Question: You also did a voice for “Surf’s Up”?

Heder: Yeah, we’re still doing it. When you are doing a voice for animation, it’s always kind of dispersed throughout the year or years. I first started working on that in 2004. I did a little bit last year and we’re still doing it.

Question: When you are walking down the street on any given day, how many people come up to you and go ‘it’s Napoleon Dynamite”?

Heder: I don ‘t go out anymore. [laughs]. On average, maybe a couple of people a day. Every day is different and it really depends on where I go. How often am I walking, just strutting, ‘hey what’s goin’ on?’ Maybe to get to my car or going out of the doctor’s office. It just depends on where I go. It’s a lot more often than it used to be.

Question: Did you expect this kind of career after Napoleon?

Heder: Obviously it will be hard to top Napoleon, not just performance wise but I want to do different performances and there are a lot of other things to do. To make another film that is as kind of culty, the way it’s been described. It’s got a lot of good lines and that phenomenon might not be topped again which is fine. We all get one of those in our lives. I hope with, with the mix, of different kinds of films, and I definitely want to get behind the camera. Like with this production company, I want to be involved in writing and directing. Originally, that’s why I went to college and got into the film program, I wanted to be a filmmaker whether on the screen or behind it. I’d love to do all that.

Question: You’re wife is not in the industry, right?

Heder: Yes she is kind of. She an aspiring documentary filmmaker. She made some in college so that’s good enough to make her a documentary filmmaker.

Question: How has this success been for her?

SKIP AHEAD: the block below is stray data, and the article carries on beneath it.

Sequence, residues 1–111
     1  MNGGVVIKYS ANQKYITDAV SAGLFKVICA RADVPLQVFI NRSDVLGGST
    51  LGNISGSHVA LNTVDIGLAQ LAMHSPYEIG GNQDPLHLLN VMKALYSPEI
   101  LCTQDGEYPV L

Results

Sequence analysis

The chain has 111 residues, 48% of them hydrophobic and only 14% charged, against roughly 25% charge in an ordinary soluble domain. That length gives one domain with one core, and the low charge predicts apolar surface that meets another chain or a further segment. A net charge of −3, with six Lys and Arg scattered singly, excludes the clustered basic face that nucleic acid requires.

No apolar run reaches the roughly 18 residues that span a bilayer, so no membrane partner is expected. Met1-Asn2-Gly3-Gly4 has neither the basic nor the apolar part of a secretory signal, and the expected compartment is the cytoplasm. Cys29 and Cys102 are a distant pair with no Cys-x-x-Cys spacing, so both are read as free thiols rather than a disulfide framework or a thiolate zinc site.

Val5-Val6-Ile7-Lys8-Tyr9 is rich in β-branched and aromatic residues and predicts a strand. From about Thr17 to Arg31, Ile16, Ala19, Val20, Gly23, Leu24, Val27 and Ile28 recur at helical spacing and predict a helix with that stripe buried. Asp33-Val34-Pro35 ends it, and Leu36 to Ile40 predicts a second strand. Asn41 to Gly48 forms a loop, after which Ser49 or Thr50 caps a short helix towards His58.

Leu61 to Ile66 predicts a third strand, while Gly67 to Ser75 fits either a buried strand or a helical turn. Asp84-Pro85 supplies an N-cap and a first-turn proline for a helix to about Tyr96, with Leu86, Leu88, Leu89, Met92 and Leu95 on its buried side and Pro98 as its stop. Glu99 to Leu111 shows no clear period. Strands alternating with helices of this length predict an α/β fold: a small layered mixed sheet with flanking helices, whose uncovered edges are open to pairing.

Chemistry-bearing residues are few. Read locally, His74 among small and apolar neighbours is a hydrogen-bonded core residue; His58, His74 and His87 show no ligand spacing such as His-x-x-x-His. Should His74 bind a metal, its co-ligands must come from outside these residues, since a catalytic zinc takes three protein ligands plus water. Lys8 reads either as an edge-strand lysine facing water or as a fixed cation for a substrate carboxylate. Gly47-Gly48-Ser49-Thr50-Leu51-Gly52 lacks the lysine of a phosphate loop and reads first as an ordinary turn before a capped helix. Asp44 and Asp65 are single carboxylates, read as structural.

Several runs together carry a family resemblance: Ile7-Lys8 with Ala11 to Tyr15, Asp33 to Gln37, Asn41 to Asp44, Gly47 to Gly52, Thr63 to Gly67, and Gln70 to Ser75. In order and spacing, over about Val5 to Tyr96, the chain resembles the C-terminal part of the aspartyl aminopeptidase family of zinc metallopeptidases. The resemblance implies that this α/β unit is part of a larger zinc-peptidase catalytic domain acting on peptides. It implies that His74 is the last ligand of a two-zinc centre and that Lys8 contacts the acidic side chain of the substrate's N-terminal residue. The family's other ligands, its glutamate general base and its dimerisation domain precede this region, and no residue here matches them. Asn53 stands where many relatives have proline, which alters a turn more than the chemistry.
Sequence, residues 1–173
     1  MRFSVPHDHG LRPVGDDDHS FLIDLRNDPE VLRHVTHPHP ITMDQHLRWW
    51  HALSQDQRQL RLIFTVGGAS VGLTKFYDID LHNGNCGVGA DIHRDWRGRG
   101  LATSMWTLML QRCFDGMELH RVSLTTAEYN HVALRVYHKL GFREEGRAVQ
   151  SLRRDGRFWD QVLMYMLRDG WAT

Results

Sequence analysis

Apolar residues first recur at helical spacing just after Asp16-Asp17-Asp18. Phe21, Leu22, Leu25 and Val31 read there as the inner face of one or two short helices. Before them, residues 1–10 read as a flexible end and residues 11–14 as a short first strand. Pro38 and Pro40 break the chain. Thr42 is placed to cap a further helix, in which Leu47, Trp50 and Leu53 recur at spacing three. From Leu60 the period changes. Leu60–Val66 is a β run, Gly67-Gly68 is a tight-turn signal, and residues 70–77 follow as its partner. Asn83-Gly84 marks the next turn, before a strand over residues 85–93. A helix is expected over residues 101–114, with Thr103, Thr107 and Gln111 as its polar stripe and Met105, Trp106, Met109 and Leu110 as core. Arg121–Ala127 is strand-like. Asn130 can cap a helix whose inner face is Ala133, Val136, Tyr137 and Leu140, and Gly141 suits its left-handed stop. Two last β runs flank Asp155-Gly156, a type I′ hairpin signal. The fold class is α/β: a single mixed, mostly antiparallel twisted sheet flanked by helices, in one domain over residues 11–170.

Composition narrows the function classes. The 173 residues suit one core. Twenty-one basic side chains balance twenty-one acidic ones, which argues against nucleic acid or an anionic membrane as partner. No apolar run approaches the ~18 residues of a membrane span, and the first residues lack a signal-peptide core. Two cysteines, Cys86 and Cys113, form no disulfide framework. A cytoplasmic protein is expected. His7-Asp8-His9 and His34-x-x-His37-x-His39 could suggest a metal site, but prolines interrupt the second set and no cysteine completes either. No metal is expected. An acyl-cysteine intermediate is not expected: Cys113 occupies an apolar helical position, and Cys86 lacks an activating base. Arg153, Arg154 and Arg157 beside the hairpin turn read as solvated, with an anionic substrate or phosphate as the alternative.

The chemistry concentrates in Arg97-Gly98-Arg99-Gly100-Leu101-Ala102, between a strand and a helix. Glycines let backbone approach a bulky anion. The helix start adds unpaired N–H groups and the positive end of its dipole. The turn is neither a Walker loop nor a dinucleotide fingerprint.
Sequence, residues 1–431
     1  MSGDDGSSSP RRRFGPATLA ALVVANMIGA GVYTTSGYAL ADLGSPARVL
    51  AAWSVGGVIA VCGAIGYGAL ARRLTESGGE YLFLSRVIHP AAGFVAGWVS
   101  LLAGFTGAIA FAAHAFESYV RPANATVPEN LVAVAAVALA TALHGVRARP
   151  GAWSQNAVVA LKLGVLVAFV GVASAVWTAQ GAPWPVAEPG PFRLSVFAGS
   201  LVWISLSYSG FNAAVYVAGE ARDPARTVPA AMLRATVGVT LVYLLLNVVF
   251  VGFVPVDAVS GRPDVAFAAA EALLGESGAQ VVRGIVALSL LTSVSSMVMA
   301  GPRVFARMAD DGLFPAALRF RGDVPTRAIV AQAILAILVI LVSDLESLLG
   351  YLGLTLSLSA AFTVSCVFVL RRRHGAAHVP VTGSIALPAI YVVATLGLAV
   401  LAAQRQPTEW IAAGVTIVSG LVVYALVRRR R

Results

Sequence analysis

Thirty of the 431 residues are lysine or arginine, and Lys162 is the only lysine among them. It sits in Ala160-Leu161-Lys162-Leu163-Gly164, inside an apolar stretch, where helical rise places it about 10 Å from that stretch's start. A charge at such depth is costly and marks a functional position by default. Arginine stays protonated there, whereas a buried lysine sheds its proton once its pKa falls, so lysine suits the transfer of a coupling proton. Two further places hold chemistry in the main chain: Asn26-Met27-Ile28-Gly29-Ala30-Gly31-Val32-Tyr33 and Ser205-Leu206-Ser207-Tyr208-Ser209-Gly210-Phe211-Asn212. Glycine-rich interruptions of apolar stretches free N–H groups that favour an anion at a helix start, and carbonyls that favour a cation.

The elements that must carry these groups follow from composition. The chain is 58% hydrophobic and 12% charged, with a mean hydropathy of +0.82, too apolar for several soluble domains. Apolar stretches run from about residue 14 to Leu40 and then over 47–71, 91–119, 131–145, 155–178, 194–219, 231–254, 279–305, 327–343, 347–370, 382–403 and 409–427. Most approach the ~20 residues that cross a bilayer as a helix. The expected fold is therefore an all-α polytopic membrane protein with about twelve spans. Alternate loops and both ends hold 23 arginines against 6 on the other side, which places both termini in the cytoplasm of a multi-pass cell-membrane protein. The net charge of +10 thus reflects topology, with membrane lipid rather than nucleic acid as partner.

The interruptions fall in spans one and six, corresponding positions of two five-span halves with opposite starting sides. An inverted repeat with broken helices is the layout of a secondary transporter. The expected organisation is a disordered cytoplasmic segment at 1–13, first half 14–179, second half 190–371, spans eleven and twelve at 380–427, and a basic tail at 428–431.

Heder: She’s just been along with me on the ride, all the same reactions. She’s trying to take it very realistically. She thinks it great and helps me make all my decisions for each film. She’s handling it well.

Question: Are young teenagers in awe of you when they meet you?

Heder: If that’s what you call awe.. like ‘oh my gosh.. cellphone’ [indicates whipping out a cellphone and taking a picture]. I don’t know. It’s just different. It’s definitely big with teenagers. When we originally made the movie, we didn’t think it would be so big with younger people. We didn’t know. We didn’t do test screenings. We just knew that college students liked it.

Question: Did you even have to deal with a bully or just an annoying person?

Heder: Yeah, I’ve dealt with annoying people. Growing up for me was different because I had a twin brother and I think that changes so much of your childhood in a lot of good ways. I loved it. It’s like you are backed up constantly. Although we were definitely kind of nerdy guys, but when you’re nerdy together you kind of have your own thing going, especially in school, we were known as the artists. We loved to draw. We were pretty good at it and I think people respected that. It was like ‘okay, you can do something’. All the more bully type guys at school kind of thought that was cool. They love art, despite their mean looks, they like art! Getting a little bit older into middle school and into high school it was the same thing. We did our own thing. We did a lot of nerdy, creative stuff. We were friends with a lot of the jocks and friends with the nerds, kind of a mix.

Question: How were you nerdy?

Heder: Not that making videos were nerdy but you considered nerdy back then not doing the sports kind of thing. We weren’t that athletically inclined. We were making videos with our Ninja Turtle toys and I was kind of nerdy and we were making up languages and we watched Star Trek but we did it all with a cool sense of humor. We knew how to blend it into the regular lifestyle and make it cool I guess.

Question: Can you still speak the secret language?

Heder: It faded away after a bully made fun of us. That was my only bully experience. This big jock in high school saw us doing it and I can’t remember what he said but it was making fun of us and it was right then I knew, ‘yeah this is kind of nerdy’.

Question: Did you ever switch with your brother and not tell anyone?

Heder: When we were much younger.